If you're one of the lucky ones getting a new computer under your tree this year, your work won't be done when you open the box.

The first task, if you have a Windows PC, will be installing the right antivirus software. Really. Before you do anything else.

I know. You think your PC came with antivirus protection. It may have, but it likely is a trial version. I would uninstall it and install Microsoft Security Essentials, which is available for a free download on the Microsoft Web site. It is a good product for a great price.

Your next step? Uninstall all of the applications you don't want. I was hired to set up a new Dell the other day, and it took me 30 minutes to remove all of the stuff on the hard drive the customer didn't want, including a pesky "free" trial version of Quickbooks.

So this may take a good long time using the Add/Remove Programs portion of the Windows Control Panel. Don't remove anything you actually may want in the future; after all, your hard drive is likely huge.

Next, run Windows update (update.microsoft.com) and install all of the current Windows patches and set your PC up to receive automatic updates. This also could take a while and require several reboots.

If your PC came with a trial version of Microsoft Office, your next decision is whether to fork over the dough for a full version. If you have a student in the house, you can qualify for a cheaper academic version. But if you can't make yourself pony up the dough, you can consider OpenOffice, a powerful office suite for free (www.openoffice.org).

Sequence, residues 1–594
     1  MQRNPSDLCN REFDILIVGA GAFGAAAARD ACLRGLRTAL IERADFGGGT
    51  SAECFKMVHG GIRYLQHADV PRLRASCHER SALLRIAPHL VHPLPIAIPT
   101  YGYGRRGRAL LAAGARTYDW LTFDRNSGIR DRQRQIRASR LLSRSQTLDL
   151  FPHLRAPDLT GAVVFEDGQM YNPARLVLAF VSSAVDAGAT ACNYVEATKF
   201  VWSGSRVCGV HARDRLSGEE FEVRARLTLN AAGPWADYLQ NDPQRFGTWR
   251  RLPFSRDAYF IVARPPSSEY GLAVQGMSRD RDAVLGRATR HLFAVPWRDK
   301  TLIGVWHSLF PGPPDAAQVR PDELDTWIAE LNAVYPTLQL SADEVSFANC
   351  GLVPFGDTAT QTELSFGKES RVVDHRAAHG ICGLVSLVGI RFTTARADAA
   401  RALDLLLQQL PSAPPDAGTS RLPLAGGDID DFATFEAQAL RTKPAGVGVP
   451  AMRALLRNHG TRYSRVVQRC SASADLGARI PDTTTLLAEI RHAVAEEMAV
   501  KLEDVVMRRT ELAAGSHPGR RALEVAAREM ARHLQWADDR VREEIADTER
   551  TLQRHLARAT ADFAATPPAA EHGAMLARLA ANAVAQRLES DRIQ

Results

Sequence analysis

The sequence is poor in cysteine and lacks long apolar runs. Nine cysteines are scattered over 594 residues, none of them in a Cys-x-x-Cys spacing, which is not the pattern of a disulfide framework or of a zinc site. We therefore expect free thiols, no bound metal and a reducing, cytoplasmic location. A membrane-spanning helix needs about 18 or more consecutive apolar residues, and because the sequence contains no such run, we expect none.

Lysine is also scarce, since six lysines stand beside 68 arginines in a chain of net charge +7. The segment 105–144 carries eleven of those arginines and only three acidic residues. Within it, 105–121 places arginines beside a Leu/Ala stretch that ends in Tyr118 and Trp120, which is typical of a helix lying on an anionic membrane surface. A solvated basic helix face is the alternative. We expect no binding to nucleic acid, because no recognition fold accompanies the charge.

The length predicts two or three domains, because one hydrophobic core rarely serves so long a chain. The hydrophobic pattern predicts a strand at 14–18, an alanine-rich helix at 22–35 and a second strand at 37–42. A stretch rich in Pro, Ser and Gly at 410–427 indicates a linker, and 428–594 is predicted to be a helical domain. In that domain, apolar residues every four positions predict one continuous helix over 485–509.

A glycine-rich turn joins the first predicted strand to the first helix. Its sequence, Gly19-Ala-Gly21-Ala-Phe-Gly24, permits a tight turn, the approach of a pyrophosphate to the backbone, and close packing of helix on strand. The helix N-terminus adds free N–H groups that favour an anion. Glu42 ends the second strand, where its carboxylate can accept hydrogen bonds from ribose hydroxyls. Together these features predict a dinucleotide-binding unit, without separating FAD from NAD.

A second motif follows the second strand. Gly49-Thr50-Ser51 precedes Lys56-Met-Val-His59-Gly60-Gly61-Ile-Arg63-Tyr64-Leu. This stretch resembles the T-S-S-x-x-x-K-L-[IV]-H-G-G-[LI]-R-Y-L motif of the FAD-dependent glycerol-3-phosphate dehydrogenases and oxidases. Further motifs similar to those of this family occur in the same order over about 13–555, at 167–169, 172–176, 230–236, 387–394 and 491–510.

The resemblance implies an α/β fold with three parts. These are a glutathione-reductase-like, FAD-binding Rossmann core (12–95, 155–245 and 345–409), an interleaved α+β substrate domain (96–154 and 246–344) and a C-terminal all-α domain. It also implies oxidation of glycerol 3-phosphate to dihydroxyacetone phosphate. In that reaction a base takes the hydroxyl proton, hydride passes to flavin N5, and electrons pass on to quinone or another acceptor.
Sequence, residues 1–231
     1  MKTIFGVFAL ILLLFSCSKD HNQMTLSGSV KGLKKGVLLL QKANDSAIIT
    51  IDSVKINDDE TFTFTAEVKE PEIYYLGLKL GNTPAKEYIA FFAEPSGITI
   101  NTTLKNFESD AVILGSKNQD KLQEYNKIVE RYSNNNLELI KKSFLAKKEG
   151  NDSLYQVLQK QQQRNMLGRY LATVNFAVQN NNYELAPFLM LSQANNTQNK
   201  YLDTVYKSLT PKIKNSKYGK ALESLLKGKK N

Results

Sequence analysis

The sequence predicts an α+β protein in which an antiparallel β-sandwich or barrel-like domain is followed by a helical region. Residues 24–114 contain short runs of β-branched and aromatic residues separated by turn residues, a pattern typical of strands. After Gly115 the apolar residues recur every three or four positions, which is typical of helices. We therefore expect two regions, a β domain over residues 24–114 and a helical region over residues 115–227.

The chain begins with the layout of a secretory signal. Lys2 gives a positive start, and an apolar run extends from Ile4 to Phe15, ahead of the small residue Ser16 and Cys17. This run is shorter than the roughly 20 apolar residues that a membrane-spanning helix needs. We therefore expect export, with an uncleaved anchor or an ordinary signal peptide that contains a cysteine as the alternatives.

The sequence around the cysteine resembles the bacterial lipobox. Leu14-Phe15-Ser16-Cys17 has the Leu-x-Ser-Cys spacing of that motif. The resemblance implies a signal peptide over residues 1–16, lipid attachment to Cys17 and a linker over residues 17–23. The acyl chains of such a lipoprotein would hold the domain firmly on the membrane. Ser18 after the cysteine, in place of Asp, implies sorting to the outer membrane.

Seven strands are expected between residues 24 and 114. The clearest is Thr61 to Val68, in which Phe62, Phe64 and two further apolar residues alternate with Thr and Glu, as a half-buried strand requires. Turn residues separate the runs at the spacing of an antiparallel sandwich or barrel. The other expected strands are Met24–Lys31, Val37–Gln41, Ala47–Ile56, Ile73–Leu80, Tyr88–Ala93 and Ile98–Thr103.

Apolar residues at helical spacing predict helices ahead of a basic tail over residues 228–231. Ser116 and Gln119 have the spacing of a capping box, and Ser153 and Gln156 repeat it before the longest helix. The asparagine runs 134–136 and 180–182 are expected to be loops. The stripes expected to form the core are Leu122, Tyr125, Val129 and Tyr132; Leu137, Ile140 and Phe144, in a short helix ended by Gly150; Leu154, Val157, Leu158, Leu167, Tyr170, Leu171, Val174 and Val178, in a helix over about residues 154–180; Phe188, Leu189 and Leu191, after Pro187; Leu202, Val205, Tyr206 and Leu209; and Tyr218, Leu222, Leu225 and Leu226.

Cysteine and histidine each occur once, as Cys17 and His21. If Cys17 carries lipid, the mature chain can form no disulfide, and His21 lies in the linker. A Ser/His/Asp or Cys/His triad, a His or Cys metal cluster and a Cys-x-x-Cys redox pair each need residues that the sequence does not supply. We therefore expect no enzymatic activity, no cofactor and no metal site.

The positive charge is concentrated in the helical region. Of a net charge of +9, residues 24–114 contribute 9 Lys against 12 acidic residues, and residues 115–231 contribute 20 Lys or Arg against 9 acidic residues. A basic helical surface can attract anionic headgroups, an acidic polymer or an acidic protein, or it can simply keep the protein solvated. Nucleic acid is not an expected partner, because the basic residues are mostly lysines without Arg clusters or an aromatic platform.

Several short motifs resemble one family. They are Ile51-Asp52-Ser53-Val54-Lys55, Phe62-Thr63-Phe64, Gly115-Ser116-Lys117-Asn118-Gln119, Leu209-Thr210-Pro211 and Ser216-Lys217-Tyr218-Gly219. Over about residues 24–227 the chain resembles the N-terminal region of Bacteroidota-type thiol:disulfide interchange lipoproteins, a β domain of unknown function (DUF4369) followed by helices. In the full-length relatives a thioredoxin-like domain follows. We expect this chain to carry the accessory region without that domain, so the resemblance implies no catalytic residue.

Next, download Firefox (www.getfirefox.com), which is a much better browser for both Windows and Apple computers.

Now that we have software covered, see if your Windows desktop computer has a digital output that is better than the standard VGA (15-pin) output. If so, look for the corresponding input on your monitor and buy the right cable. You will be rewarded with a great picture and it is likely that your monitor did not come with the good one. (Yes, they are cheap at the monitor company.)

If you plan to plug your computer into the wall for power (a great idea, by the way), then buy a surge strip — not a power strip — to plug into the wall first. Spend about $20 now and you won't have to hire me later to replace your power supply and motherboard after a power spike from the utility company. Another option is a battery backup unit, which you can get for $50 and up from Sam's or Costco. Either way, make sure you plug your computer into a surge protector. All of them come with a warranty that will replace your computer if it falls to a surge.

Finally, if you have kids, get parental-control software and turn it on.

There are some free ones — like K9 — that do a good job of filtering out Internet porn and notifying parents of what kids are doing online, and some good modestly priced ones, too.

James Derk is owner of CyberDads, a computer-repair firm, and a tech columnist for Scripps Howard News Service. His e-mail address is jim@cyberdads.com.